So we should be working with a dog’s instincts, not trying to defeat them?

Never! One of the things I learned growing up with my grandfather is never to work against Mother Nature. Working at negating instincts is working against nature. Every time humans try to work against Mother Nature, what happens? Mother Nature wins. You can’t train Mother Nature without actually showing respect to Mother Nature.

Many people who call themselves dog lovers don’t have the knowledge to be respectful. My goal through the show and my goal through the book is to remind people how important it is to honor the species. For example, people around horses don’t treat a horse like a human. But some people around dogs treat a dog like a human. Changing the identity of anybody creates instability.

Most of the dogs that I work with, they’re trained but they’re not stable. That means they’ll sit down, stay, come, heal, but when you bring another dog into their space they want to kill him. Balance doesn’t equal training and training doesn’t equal balance. To me, it’s very important and fundamental, the principles, the foundation. These allow you to achieve balance. Then you can train.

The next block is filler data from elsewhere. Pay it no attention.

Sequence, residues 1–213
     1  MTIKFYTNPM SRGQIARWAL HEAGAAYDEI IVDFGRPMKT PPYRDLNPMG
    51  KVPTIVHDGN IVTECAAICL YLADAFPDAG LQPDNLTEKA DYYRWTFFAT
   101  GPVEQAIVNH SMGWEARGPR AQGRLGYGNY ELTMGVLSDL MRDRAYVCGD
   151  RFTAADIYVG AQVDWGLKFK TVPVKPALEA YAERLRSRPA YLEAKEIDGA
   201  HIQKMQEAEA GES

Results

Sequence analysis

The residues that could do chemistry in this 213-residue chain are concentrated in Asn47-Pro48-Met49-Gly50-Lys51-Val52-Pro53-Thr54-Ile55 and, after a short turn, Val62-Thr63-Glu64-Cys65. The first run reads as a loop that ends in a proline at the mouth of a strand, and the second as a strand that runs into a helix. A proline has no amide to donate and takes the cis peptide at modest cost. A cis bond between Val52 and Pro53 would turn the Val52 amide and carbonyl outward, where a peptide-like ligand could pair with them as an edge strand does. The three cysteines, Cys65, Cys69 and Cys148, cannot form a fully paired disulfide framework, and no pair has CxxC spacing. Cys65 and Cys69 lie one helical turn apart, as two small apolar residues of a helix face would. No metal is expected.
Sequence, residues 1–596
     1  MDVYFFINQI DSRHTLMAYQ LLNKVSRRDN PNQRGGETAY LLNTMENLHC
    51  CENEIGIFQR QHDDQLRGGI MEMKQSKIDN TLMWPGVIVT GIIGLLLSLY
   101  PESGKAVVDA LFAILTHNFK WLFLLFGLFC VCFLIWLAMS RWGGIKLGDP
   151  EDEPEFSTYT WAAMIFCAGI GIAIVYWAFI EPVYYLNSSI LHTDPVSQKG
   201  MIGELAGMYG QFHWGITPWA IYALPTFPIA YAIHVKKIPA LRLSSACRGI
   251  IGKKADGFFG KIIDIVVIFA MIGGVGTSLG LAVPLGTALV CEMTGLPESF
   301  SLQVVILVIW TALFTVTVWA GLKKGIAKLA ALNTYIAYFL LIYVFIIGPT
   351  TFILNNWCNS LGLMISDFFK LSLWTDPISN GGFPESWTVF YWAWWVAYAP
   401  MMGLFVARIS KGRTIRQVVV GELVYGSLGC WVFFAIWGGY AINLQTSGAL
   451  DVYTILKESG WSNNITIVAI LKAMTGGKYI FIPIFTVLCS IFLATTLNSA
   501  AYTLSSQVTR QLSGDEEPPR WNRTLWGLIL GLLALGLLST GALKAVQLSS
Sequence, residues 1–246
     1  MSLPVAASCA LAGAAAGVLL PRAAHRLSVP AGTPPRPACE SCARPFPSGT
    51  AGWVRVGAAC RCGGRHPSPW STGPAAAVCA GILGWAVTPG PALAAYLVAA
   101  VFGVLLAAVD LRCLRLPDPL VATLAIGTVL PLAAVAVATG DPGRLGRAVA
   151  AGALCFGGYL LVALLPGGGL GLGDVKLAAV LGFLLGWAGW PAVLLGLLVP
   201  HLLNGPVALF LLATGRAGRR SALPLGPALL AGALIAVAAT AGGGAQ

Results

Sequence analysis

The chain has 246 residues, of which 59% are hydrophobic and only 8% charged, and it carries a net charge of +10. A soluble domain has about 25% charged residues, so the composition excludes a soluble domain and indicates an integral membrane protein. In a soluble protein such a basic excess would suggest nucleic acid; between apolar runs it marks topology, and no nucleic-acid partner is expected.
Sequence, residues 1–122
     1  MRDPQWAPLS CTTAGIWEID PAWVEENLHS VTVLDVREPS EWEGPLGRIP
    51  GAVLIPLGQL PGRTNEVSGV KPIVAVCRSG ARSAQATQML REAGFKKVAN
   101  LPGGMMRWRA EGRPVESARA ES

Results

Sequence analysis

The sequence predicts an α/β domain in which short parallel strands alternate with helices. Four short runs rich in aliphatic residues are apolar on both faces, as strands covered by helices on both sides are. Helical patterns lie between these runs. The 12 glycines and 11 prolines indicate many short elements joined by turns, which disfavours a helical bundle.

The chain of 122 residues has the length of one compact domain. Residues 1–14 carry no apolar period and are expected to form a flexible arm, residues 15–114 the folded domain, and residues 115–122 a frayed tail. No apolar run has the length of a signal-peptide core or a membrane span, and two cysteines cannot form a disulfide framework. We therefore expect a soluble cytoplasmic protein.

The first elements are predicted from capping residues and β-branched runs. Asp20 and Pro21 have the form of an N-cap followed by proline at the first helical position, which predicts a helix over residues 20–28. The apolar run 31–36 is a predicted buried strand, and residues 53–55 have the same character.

Let’s put it into a human example: Many people are trained, meaning they have a degree, but they’re not balanced, right? Someone might be a Harvard graduate, but can’t walk a chihuahua. That human is trained, but doesn’t know how to employ a more simplistic way of relating. The dog only sees, okay, you’re not balanced, therefore my integrity doesn’t allow me to follow you.

Humans are the only species that follow unstable pack leaders. Animals don’t follow instability, even though a person is trained. You can be a Ph.D., an M.D., and have whatever Masters you want to have–the dog is not impressed by it. You can have the most expensive suit in the world–a dog is not impressed by it. You can be the most famous human in the world, an actress, an actor–the dog is not impressed by it.